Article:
Scholars and parents from Palm Harbor University High School International Baccalaureate Program appeared before the Pinellas County School Board in opposition to the administration’s banning of award-winning author Toni Morrison’s book ‘The Bluest Eye.’
BY GOLIATH J. DAVIS, III, PH.D., Contributor
PINELLAS COUNTY — Valentine’s Day 2023 was the best my community and I have had in many years. Scholars and parents from Palm Harbor University High School International Baccalaureate Program (IB) appeared before the Pinellas County School Board in opposition to the administration’s banning of award-winning author Toni Morrison’s book “The Bluest Eye.”
Palm Harbor University High School is one of the district’s flagship schools, and it was so fitting to watch their best and brightest white students and parents lead the charge for diversity and inclusion.
Both scholars and parents were professional, informed, articulate and well-prepared. I was so impressed with their presentations, delivery, respect for authority and commitment to fairness, diversity, inclusion and African-American history. They established several important points.
First, they made everyone aware that one mother, who is a private school teacher, and her son exercised their privilege and political connections to secure the banning of “The Bluest Eye” based on subjective criteria and political ambitions.
Additionally, they established that during their meeting with District Administrator Dan Evans, it was apparent the district violated its own policy, was not aware the book had been read by IB students for several years, and students who did not wish to read the two contested pages of the 244-page book could opt out, and the teacher would provide alternative reading material.
In fact, one student went point by point over the articulated lesson plan for school-based librarians and refuted each point to include the most salient one cited by the district, i.e., the definition of pornography. She clearly established the book was not pornographic.
The district continually asserts that they are compelled to ensure they do no harm to students. The position is understandable, but in this instance, it is not defensible. The scholars who had read the book as part of the IB curriculum testified they are better persons as a consequence.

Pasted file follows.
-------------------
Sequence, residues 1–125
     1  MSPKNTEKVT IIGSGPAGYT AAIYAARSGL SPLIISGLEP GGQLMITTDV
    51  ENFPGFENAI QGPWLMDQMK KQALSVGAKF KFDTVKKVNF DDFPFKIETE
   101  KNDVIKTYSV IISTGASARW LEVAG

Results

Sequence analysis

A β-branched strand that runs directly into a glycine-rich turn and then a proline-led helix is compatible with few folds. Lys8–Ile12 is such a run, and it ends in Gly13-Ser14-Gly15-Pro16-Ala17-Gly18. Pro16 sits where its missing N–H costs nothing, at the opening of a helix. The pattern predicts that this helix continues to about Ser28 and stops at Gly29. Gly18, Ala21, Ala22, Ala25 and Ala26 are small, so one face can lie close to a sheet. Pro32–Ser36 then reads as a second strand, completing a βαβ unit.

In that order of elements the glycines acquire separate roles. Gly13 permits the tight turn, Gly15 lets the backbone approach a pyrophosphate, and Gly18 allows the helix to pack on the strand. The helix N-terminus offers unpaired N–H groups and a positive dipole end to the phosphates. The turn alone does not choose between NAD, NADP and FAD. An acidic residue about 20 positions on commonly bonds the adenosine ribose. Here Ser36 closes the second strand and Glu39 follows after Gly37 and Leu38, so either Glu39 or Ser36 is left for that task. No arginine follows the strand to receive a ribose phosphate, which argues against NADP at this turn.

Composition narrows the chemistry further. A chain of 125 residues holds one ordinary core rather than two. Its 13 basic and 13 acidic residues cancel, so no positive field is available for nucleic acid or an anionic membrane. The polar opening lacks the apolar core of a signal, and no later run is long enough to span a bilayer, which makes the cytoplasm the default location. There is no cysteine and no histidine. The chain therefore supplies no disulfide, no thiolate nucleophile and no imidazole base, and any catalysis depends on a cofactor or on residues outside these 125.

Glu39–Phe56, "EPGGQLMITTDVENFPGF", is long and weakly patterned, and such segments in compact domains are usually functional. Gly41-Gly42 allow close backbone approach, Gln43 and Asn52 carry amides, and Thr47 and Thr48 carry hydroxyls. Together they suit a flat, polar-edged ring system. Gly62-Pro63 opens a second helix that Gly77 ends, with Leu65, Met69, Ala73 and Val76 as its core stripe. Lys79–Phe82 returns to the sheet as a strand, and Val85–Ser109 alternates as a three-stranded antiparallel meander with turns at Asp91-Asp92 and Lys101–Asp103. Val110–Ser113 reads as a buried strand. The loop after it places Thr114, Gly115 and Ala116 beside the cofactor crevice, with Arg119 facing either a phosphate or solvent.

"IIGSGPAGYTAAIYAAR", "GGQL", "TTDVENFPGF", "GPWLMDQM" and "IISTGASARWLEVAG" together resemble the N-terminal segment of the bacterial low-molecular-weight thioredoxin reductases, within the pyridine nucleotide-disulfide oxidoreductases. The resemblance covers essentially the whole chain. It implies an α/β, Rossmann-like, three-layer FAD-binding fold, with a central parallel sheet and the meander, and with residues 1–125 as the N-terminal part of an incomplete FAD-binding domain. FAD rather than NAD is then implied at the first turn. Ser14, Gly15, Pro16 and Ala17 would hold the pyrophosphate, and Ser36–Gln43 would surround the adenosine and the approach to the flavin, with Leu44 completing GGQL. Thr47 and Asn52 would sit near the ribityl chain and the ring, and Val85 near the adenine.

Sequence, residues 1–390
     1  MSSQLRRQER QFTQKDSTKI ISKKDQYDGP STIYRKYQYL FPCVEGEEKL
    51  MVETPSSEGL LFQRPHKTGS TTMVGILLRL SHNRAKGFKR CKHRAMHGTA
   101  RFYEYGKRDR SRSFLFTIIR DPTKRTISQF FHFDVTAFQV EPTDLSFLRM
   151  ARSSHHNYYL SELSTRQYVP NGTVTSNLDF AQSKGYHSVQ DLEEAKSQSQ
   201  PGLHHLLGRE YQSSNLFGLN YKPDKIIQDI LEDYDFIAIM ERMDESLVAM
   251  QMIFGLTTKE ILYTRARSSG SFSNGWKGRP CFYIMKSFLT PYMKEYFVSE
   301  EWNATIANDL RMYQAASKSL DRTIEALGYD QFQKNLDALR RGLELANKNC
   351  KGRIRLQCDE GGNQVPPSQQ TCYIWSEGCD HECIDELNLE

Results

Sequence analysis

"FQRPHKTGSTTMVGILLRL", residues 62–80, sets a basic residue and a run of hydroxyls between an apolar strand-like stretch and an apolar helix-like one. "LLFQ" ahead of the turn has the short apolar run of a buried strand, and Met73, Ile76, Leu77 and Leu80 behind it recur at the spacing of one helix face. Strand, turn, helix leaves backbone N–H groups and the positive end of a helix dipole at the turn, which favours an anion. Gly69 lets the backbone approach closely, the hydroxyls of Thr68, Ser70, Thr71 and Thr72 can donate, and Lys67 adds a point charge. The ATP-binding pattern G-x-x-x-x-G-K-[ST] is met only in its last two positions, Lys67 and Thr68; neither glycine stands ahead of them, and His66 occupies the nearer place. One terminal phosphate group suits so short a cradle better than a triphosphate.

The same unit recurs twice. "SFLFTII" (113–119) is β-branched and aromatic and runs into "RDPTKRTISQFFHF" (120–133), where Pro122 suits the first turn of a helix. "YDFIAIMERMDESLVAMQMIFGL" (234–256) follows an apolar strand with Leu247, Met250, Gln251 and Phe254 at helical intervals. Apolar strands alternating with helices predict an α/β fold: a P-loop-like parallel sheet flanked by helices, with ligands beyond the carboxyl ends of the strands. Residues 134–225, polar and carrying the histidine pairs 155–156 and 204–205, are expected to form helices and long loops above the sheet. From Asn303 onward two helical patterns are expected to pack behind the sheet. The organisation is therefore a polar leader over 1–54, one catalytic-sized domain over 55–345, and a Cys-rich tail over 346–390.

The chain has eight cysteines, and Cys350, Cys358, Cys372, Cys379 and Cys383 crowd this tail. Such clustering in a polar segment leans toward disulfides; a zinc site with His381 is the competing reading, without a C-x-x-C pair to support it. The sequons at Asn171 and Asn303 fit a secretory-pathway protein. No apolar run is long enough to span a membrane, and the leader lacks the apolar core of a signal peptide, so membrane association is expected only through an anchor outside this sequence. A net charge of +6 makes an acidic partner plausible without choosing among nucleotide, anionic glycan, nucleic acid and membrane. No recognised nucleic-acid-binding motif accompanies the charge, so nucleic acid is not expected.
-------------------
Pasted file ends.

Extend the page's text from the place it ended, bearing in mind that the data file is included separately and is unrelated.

The scholars eloquently articulated the intent of the two contested pages within the context of the entire book. They spoke to the empathy they learned regarding the African-American experience and how the book alerted them to the structural issues in our society that must be addressed. In fact, they indicated they needed more African-American history classes.
Further, they stressed the importance of reading and discussing Morrison’s work under the tutelage of their competent instructor. Having observed their presentations, I concur! The scholars did not appear harmed in any way. Instead, they were better for having had the experience.
As noted by parents during their presentations, book bans are the acts of totalitarian dictators and antithetical to what we in America stand for in a democratic country. Scholars do not become gay from reading gay authors and singling out authors of color and other marginalized scholars/writers speak to the fears and political aspirations of those in power.
I join the Palm Harbor University High School scholars and their parents in calling for reinstating “The Bluest Eye” in the curriculum. As I indicated in an earlier communique with the district and as the scholars established, it need not be an all-or-nothing proposition.
Students and parents who desire to opt-out have already been allowed to do so. The superintendent should amend the district’s policy to include the opt-out option, reinstate the book and move forward.
Courage is the order of the day. The scholars have earned their badges. The ball is now in the district’s court.
One Reply to “Kudos to Palm Harbor scholars and parents”
Kudos to Dr. Davis for such a well written article. The subject matter was laid out to the point that the most uninformed resident could read it and have a level of confidence in talking about it.
I am hopeful that the school board members, the superintendent and all stakeholders will support the scholars from Palm Harbor University in their efforts to restore “The Bluest Eyes” to the bookshelves of our schools.